Sunday, June 18, 2017

Six reasons why civil grand jury says Santa Clara County takes ages to resolve court cases

With a low crime rate and well-funded cadre of prosecutors and public defenders, Santa Clara County should be able to advance felony cases efficiently through the criminal justice system.
But in a report issued this week, the Santa Clara County Civil Grand Jury found that the county took longer than any other in the state to resolve felony cases, leaving accused suspects in jail longer than necessary, at great cost to taxpayers.
The main reason? A “culture of complacency” that tolerates delay, the grand jury said.
Less than half of felonies in Santa Clara County Superior Court  — 47 percent — reached disposition within 12 months, compared to a statewide rate of 88 percent. In the Bay Area’s urban counties, the rate ranged from 68 percent in San Francisco to 89 percent in San Mateo, with Alameda County resolving 84 percent of its felony cases.
Although the grand jury relied on 3-year-old data from the state Judicial Council, the percentages were the same in 2014-15, the latest period for which figures were available. And the Santa Clara County system continues to struggle with delays, according to the panel, which earlier this year interviewed 13 officials.
“There’s no reason to think the County is dealing with more complex criminal cases than other urban counties,” the report states, “or that it has more issues with the increase in the volume of pretrial discovery from new technologies, such as body cameras worn by police officers.”
The report, “Justice Delayed: Why Does It Take So Long to Resolve Felonies in Santa Clara County,” blamed five other factors besides the “culture of complacency,” including:
1) The district attorney’s aggressive approach to charging and settling cases
2) The public defender’s habit of holding out for a better deal
3) A shortage of attorneys at the Independent Defense Counsel’s Office, which also provides indigent defendants with government-paid lawyers
4) Clerical and technology bottlenecks, including inadequate data management systems
5) Delays in receiving reports from San Jose police, the crime lab run by the District Attorney’s Office and the county Medical Examiner-Coroner
The report contends that county taxpayers foot the bill for inmates who could be released or sent to state prison sooner if the system was more efficient. The county spent more than $268 million to run the jails, an average of $204 inmates a day, in fiscal year ending last June.
The report noted “a good deal of finger-pointing” about the causes of the delays, with both public defenders and prosecutors blaming each other. But Public Defender Molly O’Neal and District Attorney Jeff Rosen both praised the report and pledged to continue working together on the issue. For instance, Rosen’s office has agreed to provide documents the defense is entitled to get in misdemeanor cases earlier in the process at arraignment, via computer. And prosecutors will do the same in the fall in felony cases.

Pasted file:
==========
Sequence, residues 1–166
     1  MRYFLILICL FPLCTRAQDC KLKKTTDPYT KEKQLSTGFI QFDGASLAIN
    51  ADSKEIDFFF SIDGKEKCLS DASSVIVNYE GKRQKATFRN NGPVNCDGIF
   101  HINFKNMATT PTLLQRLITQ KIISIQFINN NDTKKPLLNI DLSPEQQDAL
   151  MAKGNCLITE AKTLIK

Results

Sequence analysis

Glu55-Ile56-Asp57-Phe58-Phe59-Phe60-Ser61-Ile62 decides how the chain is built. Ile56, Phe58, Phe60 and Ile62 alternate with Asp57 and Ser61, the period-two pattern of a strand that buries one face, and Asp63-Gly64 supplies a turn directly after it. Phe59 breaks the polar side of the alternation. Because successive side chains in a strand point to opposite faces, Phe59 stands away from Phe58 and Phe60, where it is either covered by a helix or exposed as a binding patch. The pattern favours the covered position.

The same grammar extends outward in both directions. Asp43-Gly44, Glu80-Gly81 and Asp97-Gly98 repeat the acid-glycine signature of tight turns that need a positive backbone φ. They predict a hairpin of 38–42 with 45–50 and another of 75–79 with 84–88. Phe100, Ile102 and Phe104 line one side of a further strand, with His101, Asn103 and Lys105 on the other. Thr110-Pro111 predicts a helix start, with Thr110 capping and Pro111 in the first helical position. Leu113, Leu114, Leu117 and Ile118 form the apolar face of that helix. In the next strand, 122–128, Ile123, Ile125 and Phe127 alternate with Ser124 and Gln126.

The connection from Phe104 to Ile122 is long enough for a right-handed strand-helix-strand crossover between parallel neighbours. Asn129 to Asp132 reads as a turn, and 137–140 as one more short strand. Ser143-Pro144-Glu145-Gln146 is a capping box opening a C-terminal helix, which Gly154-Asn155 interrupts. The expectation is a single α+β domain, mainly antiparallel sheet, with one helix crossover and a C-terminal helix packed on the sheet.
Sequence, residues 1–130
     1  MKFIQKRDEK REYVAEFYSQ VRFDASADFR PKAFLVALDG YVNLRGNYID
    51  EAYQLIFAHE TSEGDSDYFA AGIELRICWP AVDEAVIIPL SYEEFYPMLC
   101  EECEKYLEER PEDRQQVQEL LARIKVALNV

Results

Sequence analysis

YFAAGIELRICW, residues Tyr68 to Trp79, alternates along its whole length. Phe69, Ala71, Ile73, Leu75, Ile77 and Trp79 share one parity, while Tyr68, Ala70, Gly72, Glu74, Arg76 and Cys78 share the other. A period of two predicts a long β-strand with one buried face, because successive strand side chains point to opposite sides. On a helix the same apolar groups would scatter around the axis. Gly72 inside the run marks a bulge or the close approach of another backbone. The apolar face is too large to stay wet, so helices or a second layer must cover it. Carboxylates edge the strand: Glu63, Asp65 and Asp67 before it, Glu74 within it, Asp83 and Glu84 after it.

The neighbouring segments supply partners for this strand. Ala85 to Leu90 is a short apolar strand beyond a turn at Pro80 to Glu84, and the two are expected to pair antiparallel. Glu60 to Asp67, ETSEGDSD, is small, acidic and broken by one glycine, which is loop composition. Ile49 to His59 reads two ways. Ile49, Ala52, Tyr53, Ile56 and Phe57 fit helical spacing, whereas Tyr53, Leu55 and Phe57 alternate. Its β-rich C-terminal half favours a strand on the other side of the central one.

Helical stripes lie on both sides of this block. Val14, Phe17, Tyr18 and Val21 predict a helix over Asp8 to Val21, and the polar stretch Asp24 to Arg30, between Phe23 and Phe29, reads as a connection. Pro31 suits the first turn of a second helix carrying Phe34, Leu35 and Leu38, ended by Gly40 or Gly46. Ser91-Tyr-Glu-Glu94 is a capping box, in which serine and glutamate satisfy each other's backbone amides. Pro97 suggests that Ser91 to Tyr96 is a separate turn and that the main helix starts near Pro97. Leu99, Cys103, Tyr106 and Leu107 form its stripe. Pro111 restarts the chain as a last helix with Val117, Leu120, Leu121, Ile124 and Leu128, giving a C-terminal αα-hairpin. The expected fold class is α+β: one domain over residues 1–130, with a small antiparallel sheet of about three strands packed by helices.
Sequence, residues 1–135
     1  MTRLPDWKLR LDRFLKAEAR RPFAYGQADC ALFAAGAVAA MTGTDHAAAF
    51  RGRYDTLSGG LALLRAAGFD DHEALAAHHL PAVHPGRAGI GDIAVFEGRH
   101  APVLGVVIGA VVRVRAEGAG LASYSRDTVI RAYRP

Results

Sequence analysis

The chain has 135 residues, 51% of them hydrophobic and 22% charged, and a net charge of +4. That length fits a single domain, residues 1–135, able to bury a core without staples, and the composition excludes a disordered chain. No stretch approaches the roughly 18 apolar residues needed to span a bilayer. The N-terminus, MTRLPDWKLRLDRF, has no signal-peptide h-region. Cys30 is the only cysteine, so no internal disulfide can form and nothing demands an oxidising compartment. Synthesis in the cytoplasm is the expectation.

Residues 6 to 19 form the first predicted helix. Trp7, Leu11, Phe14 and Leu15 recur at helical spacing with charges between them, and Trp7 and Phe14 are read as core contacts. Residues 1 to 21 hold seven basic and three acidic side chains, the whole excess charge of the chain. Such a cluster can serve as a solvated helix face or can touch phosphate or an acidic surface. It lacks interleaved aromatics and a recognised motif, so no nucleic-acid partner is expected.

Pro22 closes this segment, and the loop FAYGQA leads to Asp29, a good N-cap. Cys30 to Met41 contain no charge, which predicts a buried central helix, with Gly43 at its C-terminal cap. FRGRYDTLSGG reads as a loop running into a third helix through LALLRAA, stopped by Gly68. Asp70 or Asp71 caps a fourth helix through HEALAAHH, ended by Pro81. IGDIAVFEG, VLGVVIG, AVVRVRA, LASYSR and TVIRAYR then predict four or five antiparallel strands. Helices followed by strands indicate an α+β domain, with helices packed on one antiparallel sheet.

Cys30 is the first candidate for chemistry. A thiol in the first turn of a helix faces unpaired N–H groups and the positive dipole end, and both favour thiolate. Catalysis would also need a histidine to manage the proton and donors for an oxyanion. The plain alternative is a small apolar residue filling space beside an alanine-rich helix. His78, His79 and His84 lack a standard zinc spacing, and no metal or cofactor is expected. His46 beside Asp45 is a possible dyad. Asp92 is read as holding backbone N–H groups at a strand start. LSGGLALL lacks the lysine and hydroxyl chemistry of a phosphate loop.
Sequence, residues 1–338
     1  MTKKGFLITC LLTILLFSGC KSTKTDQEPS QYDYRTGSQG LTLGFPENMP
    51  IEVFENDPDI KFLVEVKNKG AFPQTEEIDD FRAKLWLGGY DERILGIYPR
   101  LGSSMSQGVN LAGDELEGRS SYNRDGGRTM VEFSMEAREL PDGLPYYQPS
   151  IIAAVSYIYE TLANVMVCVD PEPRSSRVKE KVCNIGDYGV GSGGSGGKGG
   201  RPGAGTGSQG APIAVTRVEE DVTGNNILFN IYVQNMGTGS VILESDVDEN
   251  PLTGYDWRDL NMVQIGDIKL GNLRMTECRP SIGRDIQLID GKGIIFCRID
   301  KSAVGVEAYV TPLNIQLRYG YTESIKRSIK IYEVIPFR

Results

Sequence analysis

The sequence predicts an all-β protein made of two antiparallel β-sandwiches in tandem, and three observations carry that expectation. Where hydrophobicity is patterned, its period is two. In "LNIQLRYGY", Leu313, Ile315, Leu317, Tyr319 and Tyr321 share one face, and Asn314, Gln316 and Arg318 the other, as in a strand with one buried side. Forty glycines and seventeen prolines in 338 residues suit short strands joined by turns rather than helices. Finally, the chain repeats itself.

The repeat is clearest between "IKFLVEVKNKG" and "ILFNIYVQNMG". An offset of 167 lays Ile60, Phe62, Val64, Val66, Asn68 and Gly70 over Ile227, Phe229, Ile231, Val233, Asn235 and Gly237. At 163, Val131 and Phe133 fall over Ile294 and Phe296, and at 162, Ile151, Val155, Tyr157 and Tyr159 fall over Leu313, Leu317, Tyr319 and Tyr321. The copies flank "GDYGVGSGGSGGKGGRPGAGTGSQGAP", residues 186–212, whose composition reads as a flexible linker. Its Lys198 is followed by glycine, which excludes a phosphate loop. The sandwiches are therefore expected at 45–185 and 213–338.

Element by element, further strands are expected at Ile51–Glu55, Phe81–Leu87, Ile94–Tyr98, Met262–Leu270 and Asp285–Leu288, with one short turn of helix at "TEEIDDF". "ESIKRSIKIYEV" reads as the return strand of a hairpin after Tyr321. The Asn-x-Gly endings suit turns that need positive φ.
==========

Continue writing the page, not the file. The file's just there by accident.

“The report will certainly act as a catalyst for changes in the system,” O’Neal said. “However, faster isn’t always necessarily better. Just talk to any of the clients who would like their cases fully investigated.”
O’Neal noted that the the public defender has an ethical obligation to each client to get the best offer, explore all possible defenses and be prepared to test the prosecution’s case.
“This can happen more quickly if there are good offers from the district attorney in the first place,” she said, “and if discovery is exchanged at the earliest possible time.”
Rosen also agreed with the report that the system could do better.
“We welcome the Civil Grand Jury’s report on this important issue.” he said in a statement. “Victims, defendants, and the whole community benefit from a criminal justice system that is faster, while emphasizing fairness for all. We are committed to work with our criminal justice partners to increase the efficiency and urgency of the process.”
The grand jury has no authority to investigate or report on the operations of Santa Clara County Superior Court, which convenes it. Yet the grand jury placed some of the blame for the slow pace on the court’s “shortage of support staff.” It also noted the court has more judges than it needs, while other counties have too few based on the workload, according to the Judicial Council, the policy-making body of the California courts.
Presiding Judge Patricia Lucas in an email Friday said the court is prohibited by state law from commenting on grand jury investigations.
Court critics, however, have filed a complaint with the State Auditor’s Office, noting that despite the surplus of judges, more than $1 million is being spent by the state and the local court on commissioners, who handle traffic and small claims cases, and on retired judges who fill in under a program called “Assigned Judges.”
The complaint claims the staff and other resources necessary to operate those courtrooms is a drain on the court’s limited funding and contributes to the backlogs and reduced hours at records offices, which have plagued the Superior Court over recent years.
The State Auditor declined to comment on whether the office will mount an investigation into the complaint.
June 16, 2017
The Mercury News
By Tracey Kaplan

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